Germany’s draft coalition deal includes a goal of ending use of the weed-killer glyphosate within the country but gives no time frame, after Berlin swung a vote in November extending its use across the European Union.
The timing of an end to glyphosate use has been highly controversial in Europe amid a heated debate over whether the chemical causes cancer.
“We will with a systematic minimalisation strategy significantly restrict use of plant protection chemicals containing glyphosate, with the goal of fundamentally ending usage as fast as possible,” the draft deal to establish a new German coalition government said.
The draft, published on Wednesday [Feb. 7] on the homepage of Chancellor Angela Merkel’s conservative CDU party, did not indicate a schedule for ending glyphosate use.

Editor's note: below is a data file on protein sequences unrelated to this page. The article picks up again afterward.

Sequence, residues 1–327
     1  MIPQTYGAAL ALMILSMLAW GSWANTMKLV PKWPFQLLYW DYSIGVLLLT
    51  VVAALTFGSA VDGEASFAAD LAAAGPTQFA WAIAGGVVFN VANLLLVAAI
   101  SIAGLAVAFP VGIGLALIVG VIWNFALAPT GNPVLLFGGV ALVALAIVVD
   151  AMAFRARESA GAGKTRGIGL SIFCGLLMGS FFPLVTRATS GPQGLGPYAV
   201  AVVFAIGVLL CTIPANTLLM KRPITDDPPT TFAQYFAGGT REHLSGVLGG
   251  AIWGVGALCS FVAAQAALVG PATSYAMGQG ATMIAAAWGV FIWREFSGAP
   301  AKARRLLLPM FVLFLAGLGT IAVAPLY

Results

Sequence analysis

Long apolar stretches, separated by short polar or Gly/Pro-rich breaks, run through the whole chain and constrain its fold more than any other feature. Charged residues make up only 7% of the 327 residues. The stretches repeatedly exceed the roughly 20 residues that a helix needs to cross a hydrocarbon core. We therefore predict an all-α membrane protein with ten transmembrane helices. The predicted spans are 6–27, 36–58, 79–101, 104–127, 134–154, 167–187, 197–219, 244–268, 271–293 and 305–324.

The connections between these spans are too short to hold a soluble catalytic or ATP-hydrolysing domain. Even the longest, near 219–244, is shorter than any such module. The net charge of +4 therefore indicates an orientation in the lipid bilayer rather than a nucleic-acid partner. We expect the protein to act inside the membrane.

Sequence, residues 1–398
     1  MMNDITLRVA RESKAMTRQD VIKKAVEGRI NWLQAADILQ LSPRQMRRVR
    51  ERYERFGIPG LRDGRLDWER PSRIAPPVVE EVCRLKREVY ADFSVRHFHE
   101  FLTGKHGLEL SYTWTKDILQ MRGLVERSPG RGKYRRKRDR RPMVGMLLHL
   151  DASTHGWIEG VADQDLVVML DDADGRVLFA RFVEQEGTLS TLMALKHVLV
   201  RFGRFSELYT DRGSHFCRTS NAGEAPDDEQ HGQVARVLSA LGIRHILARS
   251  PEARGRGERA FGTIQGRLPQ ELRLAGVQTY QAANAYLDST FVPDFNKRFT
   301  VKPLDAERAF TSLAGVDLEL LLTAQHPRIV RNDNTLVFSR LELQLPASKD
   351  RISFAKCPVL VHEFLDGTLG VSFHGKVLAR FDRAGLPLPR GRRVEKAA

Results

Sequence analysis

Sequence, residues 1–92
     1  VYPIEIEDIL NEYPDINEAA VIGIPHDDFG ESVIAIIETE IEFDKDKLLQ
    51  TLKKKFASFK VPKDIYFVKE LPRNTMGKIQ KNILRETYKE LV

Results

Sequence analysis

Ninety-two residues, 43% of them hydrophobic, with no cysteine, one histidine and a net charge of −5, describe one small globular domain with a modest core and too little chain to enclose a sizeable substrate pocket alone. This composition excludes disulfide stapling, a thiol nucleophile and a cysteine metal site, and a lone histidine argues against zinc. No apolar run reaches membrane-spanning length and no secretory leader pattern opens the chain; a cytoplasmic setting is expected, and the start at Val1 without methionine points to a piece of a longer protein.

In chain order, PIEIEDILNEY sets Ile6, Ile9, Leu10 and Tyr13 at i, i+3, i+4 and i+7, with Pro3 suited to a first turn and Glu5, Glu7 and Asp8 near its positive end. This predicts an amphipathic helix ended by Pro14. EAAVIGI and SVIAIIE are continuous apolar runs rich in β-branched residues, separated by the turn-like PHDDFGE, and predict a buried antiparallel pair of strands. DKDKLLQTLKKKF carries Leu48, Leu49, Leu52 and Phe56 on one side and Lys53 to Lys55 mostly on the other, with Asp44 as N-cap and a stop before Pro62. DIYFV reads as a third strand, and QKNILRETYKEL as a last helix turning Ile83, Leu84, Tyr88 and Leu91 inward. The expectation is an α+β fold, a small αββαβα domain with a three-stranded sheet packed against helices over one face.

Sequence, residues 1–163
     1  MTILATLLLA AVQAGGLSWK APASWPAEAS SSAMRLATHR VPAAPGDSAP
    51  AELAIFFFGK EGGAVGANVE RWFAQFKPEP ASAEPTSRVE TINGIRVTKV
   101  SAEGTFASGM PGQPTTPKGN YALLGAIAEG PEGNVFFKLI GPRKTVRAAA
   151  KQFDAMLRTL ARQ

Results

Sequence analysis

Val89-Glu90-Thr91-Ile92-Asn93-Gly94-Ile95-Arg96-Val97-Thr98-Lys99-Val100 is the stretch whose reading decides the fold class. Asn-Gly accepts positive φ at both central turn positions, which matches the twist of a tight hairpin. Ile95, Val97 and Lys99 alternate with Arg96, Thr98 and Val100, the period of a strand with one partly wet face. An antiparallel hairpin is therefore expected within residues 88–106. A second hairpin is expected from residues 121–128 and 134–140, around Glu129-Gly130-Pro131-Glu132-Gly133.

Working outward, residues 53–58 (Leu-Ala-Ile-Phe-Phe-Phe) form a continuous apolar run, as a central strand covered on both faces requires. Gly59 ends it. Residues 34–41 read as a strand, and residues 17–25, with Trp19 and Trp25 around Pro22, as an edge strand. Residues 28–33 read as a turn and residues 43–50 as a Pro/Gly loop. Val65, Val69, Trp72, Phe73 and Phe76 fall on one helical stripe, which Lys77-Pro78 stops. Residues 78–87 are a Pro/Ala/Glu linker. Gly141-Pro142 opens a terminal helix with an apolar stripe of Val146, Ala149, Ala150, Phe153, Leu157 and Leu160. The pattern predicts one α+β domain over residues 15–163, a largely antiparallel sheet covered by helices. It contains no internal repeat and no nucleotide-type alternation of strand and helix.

“We will develop alternatives jointly with the agricultural sector as part of an arable farming strategy which will regulate environmentally friendly and nature-compatible use of plant protection chemicals,” it added.
Other agricultural policies agreed for the new government include a formalisation of the current ban on growing crops containing genetically modified organisms (GMOs) in Germany and an expansion of organic farming, the draft deal said.
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